October 26, 2023
Undesign the Redline exhibit logo
Exhibit traces the history of structural racism caused by 1930s federal redlining maps

Systemic challenges today, like inequalities in housing, education, income, criminal justice and health, are far from separate issues. They are rooted in a deep and tangled history of discriminatory policies, practices and processes that remain hidden and misunderstood. In addition to shining a light on the inequality, Undesign the Redline can help with the long-overdue conversation about it, reframing challenges as opportunities, so discussions about race, wealth, opportunity and power are not about guilt and blame.

The exhibit, which can be viewed in Old Worthington Library's Popular Library (main floor) starting September 1, 2023 and through October 30, explores the history of structural racism caused by the 1930s federal redlining maps, which color-coded U.S. cities by their level of security for real estate investments. Some neighborhoods, often with Black populations, were outlined in red and deemed the riskiest for mortgages. This long-ago inequality continues to affect our communities today, but Undesign the Redline focuses on the ways we can "undesign" these systems together.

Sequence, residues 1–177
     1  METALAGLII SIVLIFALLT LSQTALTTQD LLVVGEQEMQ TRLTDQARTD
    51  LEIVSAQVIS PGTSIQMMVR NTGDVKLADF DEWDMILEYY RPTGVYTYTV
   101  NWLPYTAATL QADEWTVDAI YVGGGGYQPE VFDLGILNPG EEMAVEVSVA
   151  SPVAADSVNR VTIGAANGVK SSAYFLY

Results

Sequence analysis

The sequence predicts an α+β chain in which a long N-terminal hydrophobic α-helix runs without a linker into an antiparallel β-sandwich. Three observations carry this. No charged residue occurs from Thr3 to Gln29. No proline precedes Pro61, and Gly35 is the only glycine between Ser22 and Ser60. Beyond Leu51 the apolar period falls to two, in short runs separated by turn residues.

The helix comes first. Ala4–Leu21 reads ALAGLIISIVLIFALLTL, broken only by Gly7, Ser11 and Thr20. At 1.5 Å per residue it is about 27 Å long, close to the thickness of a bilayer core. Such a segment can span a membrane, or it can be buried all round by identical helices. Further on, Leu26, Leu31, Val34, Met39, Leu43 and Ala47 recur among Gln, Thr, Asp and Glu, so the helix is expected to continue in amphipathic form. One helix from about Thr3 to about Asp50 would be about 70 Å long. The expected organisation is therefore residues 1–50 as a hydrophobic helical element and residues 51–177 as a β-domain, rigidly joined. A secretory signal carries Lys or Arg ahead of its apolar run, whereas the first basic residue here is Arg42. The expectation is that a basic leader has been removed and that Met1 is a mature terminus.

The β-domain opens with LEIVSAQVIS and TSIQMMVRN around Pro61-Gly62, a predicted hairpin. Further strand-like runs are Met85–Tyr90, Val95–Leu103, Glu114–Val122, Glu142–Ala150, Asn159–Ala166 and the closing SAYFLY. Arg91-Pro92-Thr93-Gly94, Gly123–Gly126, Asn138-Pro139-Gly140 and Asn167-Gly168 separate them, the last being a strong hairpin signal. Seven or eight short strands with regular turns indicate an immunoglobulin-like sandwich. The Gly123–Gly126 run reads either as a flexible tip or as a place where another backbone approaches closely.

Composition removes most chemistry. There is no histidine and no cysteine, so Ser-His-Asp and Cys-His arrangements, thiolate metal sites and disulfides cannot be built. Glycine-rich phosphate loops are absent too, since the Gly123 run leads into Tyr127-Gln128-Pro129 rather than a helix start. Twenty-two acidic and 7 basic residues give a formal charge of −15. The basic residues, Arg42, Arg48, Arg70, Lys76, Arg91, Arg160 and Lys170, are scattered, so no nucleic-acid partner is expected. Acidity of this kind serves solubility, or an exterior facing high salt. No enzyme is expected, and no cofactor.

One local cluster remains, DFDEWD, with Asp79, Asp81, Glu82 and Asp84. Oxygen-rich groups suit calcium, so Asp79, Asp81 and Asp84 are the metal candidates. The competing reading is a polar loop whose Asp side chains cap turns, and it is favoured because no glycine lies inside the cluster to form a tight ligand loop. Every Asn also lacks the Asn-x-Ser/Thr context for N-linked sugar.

For its stay in Worthington, this traveling exhibit will feature history specific to the area. A resource list, provided below, will be available for anyone who'd like to read the books mentioned in the exhibit or learn more.

The exhibit is presented in partnership with the Worthington Historical Society, City of Worthington, Worthington Community Relations Commission, Worthington Schools and Erase the Space.


Undesign the Redline resource list [PDF]

Hillary K

I'm the library's communications specialist. I love reading— especially fantasy, mystery and historical nonfiction. I'm also a fan of cats, old houses and costume parties.

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